Google Street View on a race track.
Google Street View: Oak Tree Turn, Virginia International Raceway. [Click on the photo to see a larger version.]
Funny little coincidence, today. While I was eating a late lunch at my desk, today, I saw this tweet from Andy Adams of Flak Photo:
If you click on the link in the tweet, it will take you to a brief story about Jon Rafman, who searches Google Street View for interesting photos and comes up with some pretty great stuff. (You can the photos he's found, here.)
A few minutes later, I surfed over to Virginia International Raceway's [VIR] website to check out the schedule for next weekend's Sportscar Vintage Racing Association's Heacock Classic Gold Cup races. While I was on the site, I discovered that Google Street View has photographed the track in a way that will allow you to follow the entire circuit.
So, I followed and came up with a cool find of my own: VIR's famous Oak Tree Turn.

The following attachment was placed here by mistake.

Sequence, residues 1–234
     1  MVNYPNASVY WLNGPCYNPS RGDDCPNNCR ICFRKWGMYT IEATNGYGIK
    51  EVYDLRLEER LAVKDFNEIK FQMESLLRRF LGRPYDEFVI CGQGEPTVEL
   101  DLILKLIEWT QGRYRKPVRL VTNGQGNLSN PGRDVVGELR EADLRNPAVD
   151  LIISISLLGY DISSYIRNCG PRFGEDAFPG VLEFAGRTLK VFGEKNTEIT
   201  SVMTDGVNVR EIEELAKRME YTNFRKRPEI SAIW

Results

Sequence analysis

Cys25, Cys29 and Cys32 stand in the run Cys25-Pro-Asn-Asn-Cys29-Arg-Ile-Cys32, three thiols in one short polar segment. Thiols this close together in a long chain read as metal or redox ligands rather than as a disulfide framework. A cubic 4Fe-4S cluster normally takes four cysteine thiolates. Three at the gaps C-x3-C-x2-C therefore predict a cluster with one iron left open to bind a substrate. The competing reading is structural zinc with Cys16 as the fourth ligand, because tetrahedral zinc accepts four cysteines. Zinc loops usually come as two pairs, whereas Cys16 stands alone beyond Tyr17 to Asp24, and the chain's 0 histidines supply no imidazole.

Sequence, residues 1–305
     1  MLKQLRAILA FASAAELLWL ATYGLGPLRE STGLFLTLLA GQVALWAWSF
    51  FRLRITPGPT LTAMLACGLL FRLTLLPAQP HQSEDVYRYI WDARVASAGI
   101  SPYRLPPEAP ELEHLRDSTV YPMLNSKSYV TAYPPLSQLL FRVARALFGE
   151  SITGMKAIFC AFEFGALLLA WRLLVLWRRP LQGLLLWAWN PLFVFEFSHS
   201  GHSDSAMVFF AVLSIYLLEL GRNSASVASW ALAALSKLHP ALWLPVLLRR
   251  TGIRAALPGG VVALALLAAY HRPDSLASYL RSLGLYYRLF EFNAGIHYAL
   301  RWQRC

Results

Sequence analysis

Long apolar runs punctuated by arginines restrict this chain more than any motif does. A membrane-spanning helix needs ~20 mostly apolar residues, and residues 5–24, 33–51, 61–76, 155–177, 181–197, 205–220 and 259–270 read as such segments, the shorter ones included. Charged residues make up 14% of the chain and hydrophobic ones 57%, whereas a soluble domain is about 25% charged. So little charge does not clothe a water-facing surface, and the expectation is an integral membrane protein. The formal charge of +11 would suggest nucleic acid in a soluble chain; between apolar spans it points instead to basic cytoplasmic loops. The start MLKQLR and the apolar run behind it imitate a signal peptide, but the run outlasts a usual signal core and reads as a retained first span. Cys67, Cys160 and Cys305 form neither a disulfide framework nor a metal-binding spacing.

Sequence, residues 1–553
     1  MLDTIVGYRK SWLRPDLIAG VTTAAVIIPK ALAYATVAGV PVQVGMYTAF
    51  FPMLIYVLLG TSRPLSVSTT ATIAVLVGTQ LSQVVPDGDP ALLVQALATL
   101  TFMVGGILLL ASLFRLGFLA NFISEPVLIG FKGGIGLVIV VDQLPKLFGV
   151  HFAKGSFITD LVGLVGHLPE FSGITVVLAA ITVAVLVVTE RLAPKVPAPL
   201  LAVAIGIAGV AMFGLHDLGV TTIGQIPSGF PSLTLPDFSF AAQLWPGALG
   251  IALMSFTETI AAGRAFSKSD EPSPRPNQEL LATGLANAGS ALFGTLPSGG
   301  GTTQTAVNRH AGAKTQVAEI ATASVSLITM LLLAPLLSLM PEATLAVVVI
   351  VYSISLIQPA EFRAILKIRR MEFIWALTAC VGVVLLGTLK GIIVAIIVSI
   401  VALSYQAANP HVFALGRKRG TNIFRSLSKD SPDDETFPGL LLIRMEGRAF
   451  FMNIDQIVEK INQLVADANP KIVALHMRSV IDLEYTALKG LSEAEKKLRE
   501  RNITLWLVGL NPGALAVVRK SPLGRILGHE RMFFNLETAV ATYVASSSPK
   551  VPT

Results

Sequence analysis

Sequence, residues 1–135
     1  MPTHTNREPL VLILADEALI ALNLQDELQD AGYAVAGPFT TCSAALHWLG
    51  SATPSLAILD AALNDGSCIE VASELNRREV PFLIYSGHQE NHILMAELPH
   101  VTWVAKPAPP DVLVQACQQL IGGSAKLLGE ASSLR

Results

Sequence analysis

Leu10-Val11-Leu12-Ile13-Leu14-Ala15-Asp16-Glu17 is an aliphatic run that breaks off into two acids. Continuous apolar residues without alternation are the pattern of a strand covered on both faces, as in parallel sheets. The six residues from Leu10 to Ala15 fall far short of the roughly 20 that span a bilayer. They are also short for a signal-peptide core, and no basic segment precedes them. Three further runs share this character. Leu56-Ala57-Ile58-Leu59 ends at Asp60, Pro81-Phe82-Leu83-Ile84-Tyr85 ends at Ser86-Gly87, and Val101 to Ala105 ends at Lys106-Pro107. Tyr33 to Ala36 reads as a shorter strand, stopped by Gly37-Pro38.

Most views in Google Street aren't particularly interesting, of course. In order to make the photo above, I had to locate the image of Oak Tree Turn that I wanted to use (there are many possibilities within Street View) and use the Street View's tool to orient (that is, to frame) the picture as I wanted it to look. I also made some minor adjustments in Photoshop.
Voila!, I had joined the ranks of those who "curate" Google Street View.
It's a strange experience. The rough draft of the image above was made by an automated camera with no direct input from a photographer. Many months after the Street View camera photographed the track, I made the image that you see by re-framing the original and saving the new image to my computer, where I could Photoshop it.
Like I said, the experience felt strange, but actually it's nothing new. People have been manipulating automated images for a long time. (I'm thinking, for instance, of the machine-made aerial reconnaissance photos that have been common ever since the early decades of the twentieth century.) It's the tremendous ease with which we can retrieve and work with the images that makes the experience novel.
The race fans among you know that Oak Tree Turn is no more. The trunk of "Most Famous Tree in Racing" split last July, causing the tree to fall, an event that generated a surprising amount of sadness in the racing community. You can see what the turn looks like now, here.